Jews have a unique relationship to science. While Judaism has historically embraced science without much struggle, today many Jews see science and religion as independent, rather than mutually enhancing.
Since 2015, the John Templeton Foundation has supported Scientists in Synagogues, with 35 synagogues all across North America exploring questions ranging from mathematical and religious truth, to the psychology of compassion, to the neuroscience of memory. This expansion will nearly double the number of participating synagogues, as we will select a total of 30 communities over three years, and culminate in a public program in New York City in the fall of 2024.
This project will explore, enhance and then showcase the variety of ways in which Jewish scientists integrate their scientific work with their Jewish life. Through grass-roots programming, relationship-building, and exploration of crucial issues, Scientists in Synagogues will continue to show the Jewish community how to integrate science and Judaism in meaningful and productive ways, and present findings for future studies, programming, and ideas in the scientifically-rich Jewish community.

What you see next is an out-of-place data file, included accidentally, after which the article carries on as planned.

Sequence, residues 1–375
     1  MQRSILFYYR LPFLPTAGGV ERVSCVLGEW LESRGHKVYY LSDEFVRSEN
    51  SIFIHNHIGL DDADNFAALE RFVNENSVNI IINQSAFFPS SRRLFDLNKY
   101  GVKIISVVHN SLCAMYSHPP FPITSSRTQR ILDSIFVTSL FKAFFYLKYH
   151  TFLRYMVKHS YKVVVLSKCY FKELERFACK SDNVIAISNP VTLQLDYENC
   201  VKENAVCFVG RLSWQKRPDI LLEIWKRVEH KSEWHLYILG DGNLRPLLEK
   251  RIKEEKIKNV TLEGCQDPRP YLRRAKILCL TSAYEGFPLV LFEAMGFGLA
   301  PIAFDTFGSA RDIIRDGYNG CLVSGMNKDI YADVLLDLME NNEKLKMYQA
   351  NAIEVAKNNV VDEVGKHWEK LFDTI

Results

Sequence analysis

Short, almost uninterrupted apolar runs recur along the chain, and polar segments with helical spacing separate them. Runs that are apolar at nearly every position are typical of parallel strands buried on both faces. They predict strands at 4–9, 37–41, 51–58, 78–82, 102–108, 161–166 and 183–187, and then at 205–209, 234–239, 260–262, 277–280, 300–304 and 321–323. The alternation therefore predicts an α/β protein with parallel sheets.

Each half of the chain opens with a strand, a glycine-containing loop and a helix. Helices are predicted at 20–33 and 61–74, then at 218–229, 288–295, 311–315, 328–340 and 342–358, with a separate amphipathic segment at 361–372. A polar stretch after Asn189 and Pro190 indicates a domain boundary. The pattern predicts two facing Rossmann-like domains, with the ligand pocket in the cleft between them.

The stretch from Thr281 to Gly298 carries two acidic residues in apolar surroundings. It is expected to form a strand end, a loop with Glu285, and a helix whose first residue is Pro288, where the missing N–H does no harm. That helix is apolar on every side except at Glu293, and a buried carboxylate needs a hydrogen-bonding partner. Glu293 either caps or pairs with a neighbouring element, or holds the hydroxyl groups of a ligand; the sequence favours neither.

In the first three rounds of this project, 120 synagogues applied, and 35 were chosen, reaching over 15,000 people. Post-program evaluations showed that 93% of the respondents "definitely" or "probably" wanted more programming on Judaism and science, and 95% called the programming “good” or “excellent.” There is thus a clear continued need and interest for opportunities for rabbis, scientists, congregants, students, and the population at large to continue to explore science and religion collaboratively in a specifically Jewish setting.
Scientists in Synagogues will be run by Sinai and Synapses, which is incubated at Clal - The National Jewish Center for Learning and Leadership. The AAAS Dialogue on Science, Ethics and Religion (DoSER) program will be a consultant for this project, as well.